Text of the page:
DevOps has been gaining traction in business for decades and has even recently seen a start in highly regulated industries like medical device development. This begs the question: can DevOps be effectively implemented in safety-critical environments? In short, the answer is yes. Read on to learn how and why you should implement DevOps in MedTech and other regulated industries, and discover key strategies for adopting your golden ticket to faster compliance.
Agile’s focus on iterative collaboration has taken the software world by storm, leading to faster, better product delivery everywhere it has been correctly implemented. In software development, DevOps (a combination of “Development” and “Operations”) has been heralded as an organic evolution of successful Agile. DevOps focuses on breaking down the silos between departments, bringing QA (quality assurance) into the development process, and overall improving both the speed and accuracy of delivery.
So why shouldn’t this be applied to safety-critical industries like MedTech, where delivering better solutions faster directly correlates with more lives saved? With MedTech regulations expanding and the activation of the EU MDR (European Medical Device Regulation) looming close as May 2021 approaches, it is more important than ever to quickly and reliably deliver quality medical technology.
But Highly Regulated Industries (HRI), including medical device manufacturers, must meet rigorous standards with a strong emphasis on traceability and post-production accountability to ensure public safety. Agile and DevOps are, to some extent, outsiders in these HRI fields, due to an abundance of rigorous safety standards and strict security compliance measures.
In MedTech particularly, critical changes in the new regulations require a broadening scope of health-related software to achieve high compliance standards. Closely controlled processes, extensive risk management, and a far-sighted emphasis on regulatory approval define the new world of MedTech regulations globally. Medical device manufacturers must also demonstrate critical solutions in their development toolkits (namely, a QMS or Quality Management System). At the same time, increasingly data-driven MedTech is moving towards the Cloud, where DevOps reigns supreme.
Adopting DevOps Practices for Compliance Requirements
The first step to adapting the DevOps framework to your highly-regulated product development lifecycle is treating security as a “first-class citizen.” If you approach development with security and traceability in mind from the first step, compliance should not be a significant challenge. Workarounds and late-stage adjustments are only necessary for teams that have not done the essential groundwork for an industry that operates with extensive compliance requirements. This is the inherent fallacy of the idea that a DevOps approach is unworkable for safety-critical industries: if your team is always focused on achieving compliance, there is no reason a more efficient development lifecycle should negatively impact delivery.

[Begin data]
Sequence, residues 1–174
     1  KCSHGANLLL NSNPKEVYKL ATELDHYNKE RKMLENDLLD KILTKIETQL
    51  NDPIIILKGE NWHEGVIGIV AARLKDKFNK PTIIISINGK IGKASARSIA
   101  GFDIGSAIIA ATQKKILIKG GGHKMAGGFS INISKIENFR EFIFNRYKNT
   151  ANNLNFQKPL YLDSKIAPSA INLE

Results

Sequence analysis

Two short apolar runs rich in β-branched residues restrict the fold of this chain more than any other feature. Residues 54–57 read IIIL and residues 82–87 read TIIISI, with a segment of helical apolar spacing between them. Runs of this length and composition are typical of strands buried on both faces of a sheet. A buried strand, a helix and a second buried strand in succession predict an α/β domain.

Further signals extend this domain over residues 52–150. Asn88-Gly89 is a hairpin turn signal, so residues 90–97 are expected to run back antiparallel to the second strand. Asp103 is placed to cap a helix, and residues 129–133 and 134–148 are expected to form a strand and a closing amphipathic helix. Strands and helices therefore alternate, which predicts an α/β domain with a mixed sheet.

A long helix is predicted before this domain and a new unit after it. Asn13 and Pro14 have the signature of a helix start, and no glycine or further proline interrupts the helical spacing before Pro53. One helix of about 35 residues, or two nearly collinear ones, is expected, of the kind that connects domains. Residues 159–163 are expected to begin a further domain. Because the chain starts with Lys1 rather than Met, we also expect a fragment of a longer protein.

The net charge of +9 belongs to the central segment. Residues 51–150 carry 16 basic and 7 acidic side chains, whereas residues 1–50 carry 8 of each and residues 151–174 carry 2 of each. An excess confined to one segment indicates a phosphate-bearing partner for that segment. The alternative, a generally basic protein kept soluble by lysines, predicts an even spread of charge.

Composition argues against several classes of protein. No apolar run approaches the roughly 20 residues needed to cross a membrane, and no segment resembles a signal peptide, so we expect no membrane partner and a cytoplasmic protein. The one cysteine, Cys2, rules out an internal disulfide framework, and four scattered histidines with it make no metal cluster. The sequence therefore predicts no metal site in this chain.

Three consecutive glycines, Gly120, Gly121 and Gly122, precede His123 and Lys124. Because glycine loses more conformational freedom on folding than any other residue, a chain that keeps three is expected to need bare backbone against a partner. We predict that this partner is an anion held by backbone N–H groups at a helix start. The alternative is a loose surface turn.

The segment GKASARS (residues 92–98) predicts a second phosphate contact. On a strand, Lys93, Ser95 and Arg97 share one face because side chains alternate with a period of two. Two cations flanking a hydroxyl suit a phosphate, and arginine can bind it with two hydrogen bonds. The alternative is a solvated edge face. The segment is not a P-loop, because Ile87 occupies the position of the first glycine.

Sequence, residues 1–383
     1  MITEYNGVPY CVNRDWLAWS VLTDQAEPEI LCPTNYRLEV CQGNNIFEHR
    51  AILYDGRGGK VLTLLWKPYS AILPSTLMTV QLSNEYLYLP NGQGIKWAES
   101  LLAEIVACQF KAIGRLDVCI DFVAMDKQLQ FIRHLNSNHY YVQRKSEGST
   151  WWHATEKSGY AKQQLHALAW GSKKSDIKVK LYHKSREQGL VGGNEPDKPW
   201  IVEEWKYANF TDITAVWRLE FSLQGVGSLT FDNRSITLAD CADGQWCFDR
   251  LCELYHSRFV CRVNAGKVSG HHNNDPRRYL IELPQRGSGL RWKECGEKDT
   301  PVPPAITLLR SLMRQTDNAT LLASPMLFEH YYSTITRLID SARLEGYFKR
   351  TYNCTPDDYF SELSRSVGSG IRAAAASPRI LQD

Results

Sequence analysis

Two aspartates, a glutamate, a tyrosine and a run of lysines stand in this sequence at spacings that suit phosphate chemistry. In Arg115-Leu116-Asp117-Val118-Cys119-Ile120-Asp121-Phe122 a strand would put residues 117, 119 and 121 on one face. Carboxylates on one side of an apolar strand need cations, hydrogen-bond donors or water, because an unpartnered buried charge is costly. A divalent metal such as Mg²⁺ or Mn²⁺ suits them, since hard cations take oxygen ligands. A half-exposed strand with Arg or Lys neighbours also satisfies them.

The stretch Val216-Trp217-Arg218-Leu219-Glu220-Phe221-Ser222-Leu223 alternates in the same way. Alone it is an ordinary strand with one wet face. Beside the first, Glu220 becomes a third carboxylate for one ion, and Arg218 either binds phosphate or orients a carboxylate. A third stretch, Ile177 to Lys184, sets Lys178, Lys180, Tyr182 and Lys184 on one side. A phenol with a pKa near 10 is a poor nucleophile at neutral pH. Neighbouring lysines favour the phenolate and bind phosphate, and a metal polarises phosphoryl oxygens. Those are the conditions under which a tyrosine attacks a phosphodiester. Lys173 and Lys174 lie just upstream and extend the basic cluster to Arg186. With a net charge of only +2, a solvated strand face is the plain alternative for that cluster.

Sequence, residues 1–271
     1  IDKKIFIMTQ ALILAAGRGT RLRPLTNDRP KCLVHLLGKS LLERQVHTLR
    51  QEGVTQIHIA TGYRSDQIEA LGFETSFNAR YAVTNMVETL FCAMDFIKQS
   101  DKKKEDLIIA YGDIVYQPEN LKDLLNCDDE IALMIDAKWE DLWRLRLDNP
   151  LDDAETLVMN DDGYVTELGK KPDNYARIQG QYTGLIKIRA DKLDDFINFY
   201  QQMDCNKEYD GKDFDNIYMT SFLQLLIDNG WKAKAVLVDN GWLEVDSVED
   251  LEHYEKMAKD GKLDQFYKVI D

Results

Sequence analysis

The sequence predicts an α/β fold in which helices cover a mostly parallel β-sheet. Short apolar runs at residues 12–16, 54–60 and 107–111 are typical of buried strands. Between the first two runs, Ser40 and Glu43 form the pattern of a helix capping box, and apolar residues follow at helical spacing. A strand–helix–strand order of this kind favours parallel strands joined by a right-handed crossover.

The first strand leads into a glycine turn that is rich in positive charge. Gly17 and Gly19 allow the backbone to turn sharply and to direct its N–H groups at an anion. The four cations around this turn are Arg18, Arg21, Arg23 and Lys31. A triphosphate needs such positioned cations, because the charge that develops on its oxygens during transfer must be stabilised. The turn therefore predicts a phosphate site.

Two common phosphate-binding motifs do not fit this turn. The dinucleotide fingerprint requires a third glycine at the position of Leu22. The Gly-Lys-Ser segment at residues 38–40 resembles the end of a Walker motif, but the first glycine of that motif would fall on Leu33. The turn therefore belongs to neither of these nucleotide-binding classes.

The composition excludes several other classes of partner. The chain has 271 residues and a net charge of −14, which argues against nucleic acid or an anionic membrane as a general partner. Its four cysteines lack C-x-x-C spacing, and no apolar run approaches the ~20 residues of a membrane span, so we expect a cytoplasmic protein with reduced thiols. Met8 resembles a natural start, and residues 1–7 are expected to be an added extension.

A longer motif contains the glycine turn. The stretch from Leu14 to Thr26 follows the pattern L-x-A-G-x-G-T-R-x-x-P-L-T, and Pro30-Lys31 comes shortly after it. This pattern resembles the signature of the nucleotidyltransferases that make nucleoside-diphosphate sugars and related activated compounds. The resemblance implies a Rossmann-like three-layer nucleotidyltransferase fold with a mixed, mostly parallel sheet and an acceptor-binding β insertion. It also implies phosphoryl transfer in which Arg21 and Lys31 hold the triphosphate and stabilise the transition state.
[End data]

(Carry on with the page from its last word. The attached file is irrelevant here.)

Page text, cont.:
Once you free yourself from the assumption that DevOps isn’t suitable for your industry, the only step left is adoption. DevOps provides you with a framework to de-silo development, QA, and Operations. This leads to faster delivery times and improved delivery quality by incorporating feedback processes and encouraging more collaboration. Continuous Integration and Deployment (CI/CD) is the name of the game, allowing your team to build, improve, and deploy a working product quickly – without sacrificing traceability or compliance.
Key considerations for implementing MedDevOps
There's a reason MedTech has been slow to adopt Agile and DevOps, despite their significant benefits. With compliance constantly hovering, it can be intimidating to make a change in your current working system. But if you take the time to work out the kinks and approach development with care, the resulting process improvement will provide immeasurable benefits. Incorporating a lifecycle mindset built to improve delivery and traceability may seem daunting today, but tomorrow you'll be glad you did. Read on for a few key considerations you should keep in mind as you begin implementing MedDevOps.